There is something quintessentially British about the Teasmade. An alarm clock that makes a pot of tea as it wakes you up could only have been invented here. Introduced by Goblin in 1933 and still made today by Swan, the Teasmade perhaps most strongly evokes the 1950s, when it was considered the height of luxury.
Since then, it has somehow become a national icon for dull domesticity.
But Factory Design is about to change that. The design consultancy has updated the concept with a design that would look at home in any 21st century bedroom, and is capable of dispensing either real leaf tea or freshly ground coffee.
The new automatic teamaker stands on its own silver pedestal, from which the whole unit can be removed easily by squeezing the trigger on the handle.
By squeezing the trigger again the outer casing is lifted off leaving behind the internal carrier, which includes the tea, coffee, milk, water and sugar vessels. These can be put straight into a dishwasher once used, and separate brewing chambers ensure there is no cross-contamination of either tea or coffee.
The teamaker is still a concept design at this stage, but Gavin Thomson, creative director at Factory, says it has aroused the interest of a number of manufacturers. The concept model was designed for an exhibition of futuristic home ideas at the Ideal Home Exhibition. `We were trying to reinstate a lifestyle product that hasn’t been designed well in the past, and bring it up to date,’ says Thomson.
Factory used details from existing products on the market, as well as the advice of tea and coffee specialists, to ensure the idea is achievable and able to provide fresh tea and coffee.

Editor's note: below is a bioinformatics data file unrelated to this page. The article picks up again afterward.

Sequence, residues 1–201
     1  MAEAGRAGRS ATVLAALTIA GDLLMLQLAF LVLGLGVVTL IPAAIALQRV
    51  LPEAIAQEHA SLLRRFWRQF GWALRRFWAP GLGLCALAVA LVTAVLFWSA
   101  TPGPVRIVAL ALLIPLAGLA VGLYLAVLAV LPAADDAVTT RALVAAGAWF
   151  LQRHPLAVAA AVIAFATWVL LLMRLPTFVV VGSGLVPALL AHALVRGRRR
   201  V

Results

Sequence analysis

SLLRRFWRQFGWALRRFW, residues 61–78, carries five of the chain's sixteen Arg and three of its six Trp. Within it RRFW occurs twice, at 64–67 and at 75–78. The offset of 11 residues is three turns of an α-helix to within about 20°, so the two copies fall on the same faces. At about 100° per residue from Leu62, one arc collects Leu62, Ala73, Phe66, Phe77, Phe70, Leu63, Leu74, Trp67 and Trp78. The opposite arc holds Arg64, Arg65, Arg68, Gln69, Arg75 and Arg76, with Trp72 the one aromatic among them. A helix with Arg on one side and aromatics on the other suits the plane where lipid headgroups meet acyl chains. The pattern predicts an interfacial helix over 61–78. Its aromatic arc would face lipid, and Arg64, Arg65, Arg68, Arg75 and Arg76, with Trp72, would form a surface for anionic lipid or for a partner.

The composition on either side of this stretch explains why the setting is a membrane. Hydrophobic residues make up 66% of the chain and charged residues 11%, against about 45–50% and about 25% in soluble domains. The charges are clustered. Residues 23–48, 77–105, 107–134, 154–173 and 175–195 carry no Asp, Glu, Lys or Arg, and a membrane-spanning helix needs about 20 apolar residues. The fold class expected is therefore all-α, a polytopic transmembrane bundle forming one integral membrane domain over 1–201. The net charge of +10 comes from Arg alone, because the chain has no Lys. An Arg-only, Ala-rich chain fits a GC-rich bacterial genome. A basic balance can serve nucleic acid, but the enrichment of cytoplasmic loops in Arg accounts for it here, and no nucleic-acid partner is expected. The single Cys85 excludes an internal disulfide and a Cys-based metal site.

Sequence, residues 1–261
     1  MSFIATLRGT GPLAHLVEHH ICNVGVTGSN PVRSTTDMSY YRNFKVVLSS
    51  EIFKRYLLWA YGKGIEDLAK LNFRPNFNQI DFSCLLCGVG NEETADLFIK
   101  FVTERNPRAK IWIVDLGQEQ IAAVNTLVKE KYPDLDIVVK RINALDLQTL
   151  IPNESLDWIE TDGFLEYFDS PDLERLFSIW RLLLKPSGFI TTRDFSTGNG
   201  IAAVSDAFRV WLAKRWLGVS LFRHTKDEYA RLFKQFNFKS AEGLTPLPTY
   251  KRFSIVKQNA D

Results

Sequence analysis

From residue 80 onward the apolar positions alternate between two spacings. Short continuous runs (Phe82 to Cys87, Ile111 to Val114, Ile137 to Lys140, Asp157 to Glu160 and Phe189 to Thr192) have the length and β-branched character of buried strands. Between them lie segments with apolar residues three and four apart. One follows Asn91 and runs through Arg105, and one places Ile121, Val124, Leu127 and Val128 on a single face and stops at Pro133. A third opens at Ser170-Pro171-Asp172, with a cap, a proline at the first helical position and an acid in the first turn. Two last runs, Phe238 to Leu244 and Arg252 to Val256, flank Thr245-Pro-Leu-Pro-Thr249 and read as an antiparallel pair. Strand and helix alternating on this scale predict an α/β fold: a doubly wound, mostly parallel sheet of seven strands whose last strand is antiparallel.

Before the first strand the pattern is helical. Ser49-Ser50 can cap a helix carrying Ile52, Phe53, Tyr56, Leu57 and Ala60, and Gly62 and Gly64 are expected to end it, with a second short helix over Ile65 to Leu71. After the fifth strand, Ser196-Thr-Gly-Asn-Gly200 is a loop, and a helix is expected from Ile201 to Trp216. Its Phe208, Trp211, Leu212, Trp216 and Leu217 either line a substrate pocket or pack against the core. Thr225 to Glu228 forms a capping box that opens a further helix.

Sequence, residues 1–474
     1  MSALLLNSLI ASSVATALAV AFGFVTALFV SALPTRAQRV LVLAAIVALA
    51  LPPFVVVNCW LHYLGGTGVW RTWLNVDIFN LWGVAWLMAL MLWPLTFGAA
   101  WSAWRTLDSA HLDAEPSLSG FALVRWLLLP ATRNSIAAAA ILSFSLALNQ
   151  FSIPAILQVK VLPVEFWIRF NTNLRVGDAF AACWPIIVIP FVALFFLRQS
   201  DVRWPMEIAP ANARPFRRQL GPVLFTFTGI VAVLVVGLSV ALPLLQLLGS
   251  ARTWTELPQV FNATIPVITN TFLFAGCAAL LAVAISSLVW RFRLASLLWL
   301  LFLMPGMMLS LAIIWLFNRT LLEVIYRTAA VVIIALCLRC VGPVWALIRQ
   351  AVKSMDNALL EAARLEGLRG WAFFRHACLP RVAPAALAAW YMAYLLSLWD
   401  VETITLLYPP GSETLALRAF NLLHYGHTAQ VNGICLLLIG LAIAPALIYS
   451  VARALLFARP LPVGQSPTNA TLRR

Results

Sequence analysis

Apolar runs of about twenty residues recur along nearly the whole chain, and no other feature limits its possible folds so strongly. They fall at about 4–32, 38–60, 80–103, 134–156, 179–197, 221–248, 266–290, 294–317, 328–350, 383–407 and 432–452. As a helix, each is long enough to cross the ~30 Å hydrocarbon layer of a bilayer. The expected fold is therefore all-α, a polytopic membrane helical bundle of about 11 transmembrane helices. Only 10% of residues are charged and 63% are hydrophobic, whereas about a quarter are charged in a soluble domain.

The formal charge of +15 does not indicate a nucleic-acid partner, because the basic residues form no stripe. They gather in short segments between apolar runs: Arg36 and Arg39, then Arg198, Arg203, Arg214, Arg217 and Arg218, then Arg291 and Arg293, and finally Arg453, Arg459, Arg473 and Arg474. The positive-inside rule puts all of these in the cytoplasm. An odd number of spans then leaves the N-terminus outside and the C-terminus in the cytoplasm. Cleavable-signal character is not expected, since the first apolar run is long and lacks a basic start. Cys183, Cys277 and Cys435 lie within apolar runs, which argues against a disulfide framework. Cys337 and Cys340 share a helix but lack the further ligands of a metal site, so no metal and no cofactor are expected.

The company anticipates there will be some moulding issues when the product comes to be mass-manufactured, as it has a very distinct, conical shape, but believes these issues will easily be overcome.
The base of the unit holds an optional projector clock, which shines the time on bedroom walls, and can react to the ambience of the room by brightening or dimming to match the light.
Thomson says the the company has tried to design the product to fit the house of the future, which could not be further away from that of the austere, post-war Britain of the 1950s.
The top-of-the-range model would have a silver pedestal and would probably cost around £100-£120.
Lower down the scale would be the basic basket form, which would cost around £40-£50, and include fewer features.
If the design is eventually sold to a manufacturer, Factory hopes to maintain its involvement in the project.
`We would always want to be involved, as very often we see examples of work move away from the original design concept. Little differences start to creep in and you can end up with a product that nobody is proud of,’ says Thomson.
Copyright: Centaur Communications Ltd. and licensors